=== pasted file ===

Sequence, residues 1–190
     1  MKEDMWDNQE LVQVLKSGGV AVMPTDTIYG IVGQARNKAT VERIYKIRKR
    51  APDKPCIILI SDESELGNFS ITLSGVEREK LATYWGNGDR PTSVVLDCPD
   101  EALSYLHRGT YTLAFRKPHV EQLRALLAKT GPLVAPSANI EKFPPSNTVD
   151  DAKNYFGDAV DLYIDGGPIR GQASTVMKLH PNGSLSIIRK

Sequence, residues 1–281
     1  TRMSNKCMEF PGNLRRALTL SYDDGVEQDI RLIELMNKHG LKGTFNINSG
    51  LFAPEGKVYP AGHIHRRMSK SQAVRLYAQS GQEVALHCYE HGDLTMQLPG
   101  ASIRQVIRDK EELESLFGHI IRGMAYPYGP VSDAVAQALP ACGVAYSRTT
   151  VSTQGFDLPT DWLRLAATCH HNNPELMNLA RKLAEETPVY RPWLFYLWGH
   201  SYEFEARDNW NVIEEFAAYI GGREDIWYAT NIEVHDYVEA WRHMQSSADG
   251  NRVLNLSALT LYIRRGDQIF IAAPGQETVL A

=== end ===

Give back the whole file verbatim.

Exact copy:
Sequence, residues 1–190
     1  MKEDMWDNQE LVQVLKSGGV AVMPTDTIYG IVGQARNKAT VERIYKIRKR
    51  APDKPCIILI SDESELGNFS ITLSGVEREK LATYWGNGDR PTSVVLDCPD
   101  EALSYLHRGT YTLAFRKPHV EQLRALLAKT GPLVAPSANI EKFPPSNTVD
   151  DAKNYFGDAV DLYIDGGPIR GQASTVMKLH PNGSLSIIRK

Sequence, residues 1–281
     1  TRMSNKCMEF PGNLRRALTL SYDDGVEQDI RLIELMNKHG LKGTFNINSG
    51  LFAPEGKVYP AGHIHRRMSK SQAVRLYAQS GQEVALHCYE HGDLTMQLPG
   101  ASIRQVIRDK EELESLFGHI IRGMAYPYGP VSDAVAQALP ACGVAYSRTT
   151  VSTQGFDLPT DWLRLAATCH HNNPELMNLA RKLAEETPVY RPWLFYLWGH
   201  SYEFEARDNW NVIEEFAAYI GGREDIWYAT NIEVHDYVEA WRHMQSSADG
   251  NRVLNLSALT LYIRRGDQIF IAAPGQETVL A